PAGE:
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Opinion

March 28, 2017

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Before the CPEC

Part - I

“Cheen apna yar hai,/Is pe jaan nisar hay,/Per wahan hay jo nizam,/Us taraf na jayeo, Us ko dur se salam”

(China is our friend/we would give our lives for it/But the system in place there/don’t follow it, salute it from afar).

Revolutionary poet Habib Jalib – best known for his struggle against exploitation, oppression and military regimes – through this verse aptly explained the paradoxical nature of Pak-China relations.

Like most Pakistanis, Jalib also considered China a communist country. However, despite its claims China was neither a ‘people’s republic’ nor was the revolution there, unlike Russia, a workers’ revolution. English and Urdu translations of China’s communism were freely (and at no cost) available in Pakistan. Nonetheless, it was a dilemma for the Maoist movement in Pakistan that the state, which had waged a war against peasants from 1967 to 1977, became a close ally of China.

As Pakistan extended relations with Peking (Beijing), Maoist groups here had relative relatively easy time at the hands of the Pakistani state compared to pro-Moscow communist groups. Despite this policy, the Pakistani state did not tolerate the peasant uprising under militant Maoist groups. Nor did China extend any support to pro-Maoist militant peasant groups against the Pakistani state.

M Abul Fazl, a former diplomat, writes that – contrary to what has been propagated in textbooks and through the media – both Pakistan and India had recognised communist China in January 1951 via British encouragement. Though the Pakistani leadership had a contemptuous attitude towards communism, it had no particular feelings against the new China. Pakistan was opposed to the admission of China in the UN; and China was neutral on Pakistan’s stance on Kashmir: “For example even when we were opposing China’s admission to the United Nations year after year, China maintained neutrality over Kashmir, instead of following the Soviets into declaring it a part of India.” Following almost a decade of rather cool relations between the two neighbouring countries, bilateral relations normalised in the next decades.

The Sino-India conflict in 1962 paved the way for better relations between China and Pakistan and both signed a boundary agreement in 1963, following by military and strategic alliances in 1966 and 1972 respectively. However, on the eve of Pakistan’s war with India in 1971, China kept away because of the Russian threat.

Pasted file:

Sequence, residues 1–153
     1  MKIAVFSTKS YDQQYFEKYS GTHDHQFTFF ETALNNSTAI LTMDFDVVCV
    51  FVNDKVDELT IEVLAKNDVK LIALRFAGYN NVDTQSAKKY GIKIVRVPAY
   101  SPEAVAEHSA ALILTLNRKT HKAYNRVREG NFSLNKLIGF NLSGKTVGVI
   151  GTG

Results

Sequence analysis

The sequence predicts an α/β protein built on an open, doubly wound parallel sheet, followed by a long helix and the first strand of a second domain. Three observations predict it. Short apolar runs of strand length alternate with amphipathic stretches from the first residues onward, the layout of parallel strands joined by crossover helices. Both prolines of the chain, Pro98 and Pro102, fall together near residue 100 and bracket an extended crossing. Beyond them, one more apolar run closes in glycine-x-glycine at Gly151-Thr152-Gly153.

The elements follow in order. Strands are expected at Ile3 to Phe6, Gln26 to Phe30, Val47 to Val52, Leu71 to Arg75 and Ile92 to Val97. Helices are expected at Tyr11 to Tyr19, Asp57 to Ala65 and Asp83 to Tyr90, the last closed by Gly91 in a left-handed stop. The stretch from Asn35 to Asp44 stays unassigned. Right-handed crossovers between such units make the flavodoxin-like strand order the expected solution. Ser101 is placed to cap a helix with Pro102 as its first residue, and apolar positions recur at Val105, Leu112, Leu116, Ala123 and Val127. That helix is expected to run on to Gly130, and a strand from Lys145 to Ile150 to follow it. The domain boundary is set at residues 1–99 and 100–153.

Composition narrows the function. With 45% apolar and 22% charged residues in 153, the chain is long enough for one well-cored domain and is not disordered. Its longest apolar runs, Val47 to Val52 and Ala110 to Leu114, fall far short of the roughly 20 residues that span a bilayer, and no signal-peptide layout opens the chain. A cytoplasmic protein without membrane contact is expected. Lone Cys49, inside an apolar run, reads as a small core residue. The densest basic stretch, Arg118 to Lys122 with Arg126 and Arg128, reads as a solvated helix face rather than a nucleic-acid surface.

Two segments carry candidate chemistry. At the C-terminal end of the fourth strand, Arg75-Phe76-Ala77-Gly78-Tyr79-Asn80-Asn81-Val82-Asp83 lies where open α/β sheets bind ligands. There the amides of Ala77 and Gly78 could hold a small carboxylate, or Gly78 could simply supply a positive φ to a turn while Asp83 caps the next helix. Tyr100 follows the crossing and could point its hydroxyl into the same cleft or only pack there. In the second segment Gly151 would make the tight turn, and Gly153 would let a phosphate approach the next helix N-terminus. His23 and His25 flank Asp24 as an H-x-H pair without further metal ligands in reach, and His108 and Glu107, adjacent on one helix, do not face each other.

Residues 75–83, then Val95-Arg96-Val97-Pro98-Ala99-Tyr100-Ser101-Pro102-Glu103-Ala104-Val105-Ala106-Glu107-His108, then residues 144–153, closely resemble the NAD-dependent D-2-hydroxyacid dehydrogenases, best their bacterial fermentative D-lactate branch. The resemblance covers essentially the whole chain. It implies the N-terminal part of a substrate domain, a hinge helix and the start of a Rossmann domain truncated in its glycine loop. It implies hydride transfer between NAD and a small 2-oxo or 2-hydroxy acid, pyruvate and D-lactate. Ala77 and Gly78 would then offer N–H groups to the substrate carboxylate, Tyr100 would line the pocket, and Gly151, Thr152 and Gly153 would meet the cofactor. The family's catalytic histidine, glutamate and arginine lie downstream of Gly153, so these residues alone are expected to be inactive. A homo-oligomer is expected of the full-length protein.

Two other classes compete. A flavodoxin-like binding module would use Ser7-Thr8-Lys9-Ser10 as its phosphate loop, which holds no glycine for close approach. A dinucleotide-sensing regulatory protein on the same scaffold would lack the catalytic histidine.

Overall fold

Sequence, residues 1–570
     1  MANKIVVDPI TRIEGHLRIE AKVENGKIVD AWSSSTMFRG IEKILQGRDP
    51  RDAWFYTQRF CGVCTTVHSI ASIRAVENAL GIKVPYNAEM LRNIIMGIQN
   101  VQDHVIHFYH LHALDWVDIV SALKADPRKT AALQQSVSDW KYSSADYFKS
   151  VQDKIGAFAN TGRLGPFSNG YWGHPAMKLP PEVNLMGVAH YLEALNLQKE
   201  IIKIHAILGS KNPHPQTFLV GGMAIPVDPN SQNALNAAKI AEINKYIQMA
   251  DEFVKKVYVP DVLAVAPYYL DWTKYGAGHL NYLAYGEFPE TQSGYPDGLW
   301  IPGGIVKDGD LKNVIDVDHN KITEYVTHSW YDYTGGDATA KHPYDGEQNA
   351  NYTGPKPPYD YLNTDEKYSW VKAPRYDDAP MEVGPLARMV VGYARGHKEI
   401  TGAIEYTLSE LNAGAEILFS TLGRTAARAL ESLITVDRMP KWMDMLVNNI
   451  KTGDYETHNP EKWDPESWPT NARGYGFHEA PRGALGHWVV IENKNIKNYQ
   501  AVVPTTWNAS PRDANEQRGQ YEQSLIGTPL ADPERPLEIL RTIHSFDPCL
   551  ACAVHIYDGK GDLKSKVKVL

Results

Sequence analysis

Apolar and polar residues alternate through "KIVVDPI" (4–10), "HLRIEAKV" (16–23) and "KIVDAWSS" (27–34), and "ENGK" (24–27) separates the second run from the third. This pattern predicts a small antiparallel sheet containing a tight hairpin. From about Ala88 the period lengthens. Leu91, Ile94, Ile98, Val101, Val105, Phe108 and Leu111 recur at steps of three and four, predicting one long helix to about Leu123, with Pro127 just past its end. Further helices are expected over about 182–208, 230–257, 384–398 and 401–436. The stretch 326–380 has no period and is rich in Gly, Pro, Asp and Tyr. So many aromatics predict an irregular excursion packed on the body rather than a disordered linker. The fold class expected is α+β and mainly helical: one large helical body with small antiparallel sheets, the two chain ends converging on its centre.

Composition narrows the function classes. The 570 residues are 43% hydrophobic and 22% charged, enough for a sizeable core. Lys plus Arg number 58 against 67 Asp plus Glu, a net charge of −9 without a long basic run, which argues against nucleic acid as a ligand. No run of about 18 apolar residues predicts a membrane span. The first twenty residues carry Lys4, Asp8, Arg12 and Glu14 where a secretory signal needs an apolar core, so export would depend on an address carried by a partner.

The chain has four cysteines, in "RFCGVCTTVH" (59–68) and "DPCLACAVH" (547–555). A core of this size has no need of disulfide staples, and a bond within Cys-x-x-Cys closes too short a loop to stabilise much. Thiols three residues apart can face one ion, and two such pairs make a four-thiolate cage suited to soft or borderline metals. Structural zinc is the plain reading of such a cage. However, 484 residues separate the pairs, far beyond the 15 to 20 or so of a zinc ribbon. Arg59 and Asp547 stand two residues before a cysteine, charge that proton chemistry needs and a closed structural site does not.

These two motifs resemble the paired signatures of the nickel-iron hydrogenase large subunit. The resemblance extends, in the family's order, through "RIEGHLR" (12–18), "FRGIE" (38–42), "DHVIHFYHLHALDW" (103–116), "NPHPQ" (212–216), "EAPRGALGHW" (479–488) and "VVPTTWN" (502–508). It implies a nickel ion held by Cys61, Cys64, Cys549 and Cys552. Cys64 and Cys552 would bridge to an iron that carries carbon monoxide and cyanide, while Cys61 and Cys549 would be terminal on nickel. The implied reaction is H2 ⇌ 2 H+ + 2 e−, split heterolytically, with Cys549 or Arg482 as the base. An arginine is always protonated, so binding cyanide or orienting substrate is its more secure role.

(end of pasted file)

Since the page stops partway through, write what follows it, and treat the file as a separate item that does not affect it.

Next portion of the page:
It seems that the Sino-Indian conflict was a turning point in bilateral relations between the two countries as India was involved in border conflicts with both countries. This resulted in war with China in 1962 and with Pakistan in 1965. American foreign policy expert Jonah Blank writes that, apart from the rhetoric of China and Pakistan, the “two nations have virtually no shared culture, history, or economic ties. The glue sticking them together would appear to be military ties and an interest in keeping their common rival, India, off balance.”

This means that the main reason behind Pak-China relations was strategic: China helped develop Pakistan’s nuclear and missile programmes, providing conventional arms and diplomatic support. In return, the Chinese were allegedly provided access to American security equipment and technology – which benefited both countries.

Pakistan had played the key role of an intermediary between China and the US, as China was inclined to join mainstream capitalism by distancing itself from Russia and its alliances. The return of Deng Xiaoping to power in 1977 was pivotal as far as following neo-liberalism was concerned. It was only then that economic cooperation between China and Pakistan began (in 1979).

Pakistan gains militarily and strategically from its cooperation with China. However, in terms of bilateral trade Pakistan has comprehensively lost to China. Having China in the world market, Pakistan is losing its share in textile, garments and apparels. Pakistan has already lost its domestic market to Chinese goods after bilateral trade agreements.

There are many reasons for losing the national and international market to China. China has a competitive advantage over its competitors in the world economy. The most important is human capital: Chinese labour is cheap and of great quality. The second factor is the supply of energy and material. For instance in textile, China is still labour intensive, low tech and low value added.

Commercial links between Pakistan and China were mostly established in the 21st century. Chinese goods flooded Pakistan after the Free Trade Agreement in July 2007. At the time, Pakistani manufacturing sectors had been facing an energy crisis and high production cost due to a number of reasons. Chinese products were available in the market at even below production cost. Therefore, it became easy for manufacturers to import parts and assemble them in their industrial complexes – or simply import finished goods from China. This results in little resistance from the local capitalist class.

A simple calculation of Pak-China relations can be: Pakistan gains militarily and strategically, and loses economically to China.

To be continued

 

The writer is an independent researcher. Email: [email protected]

 

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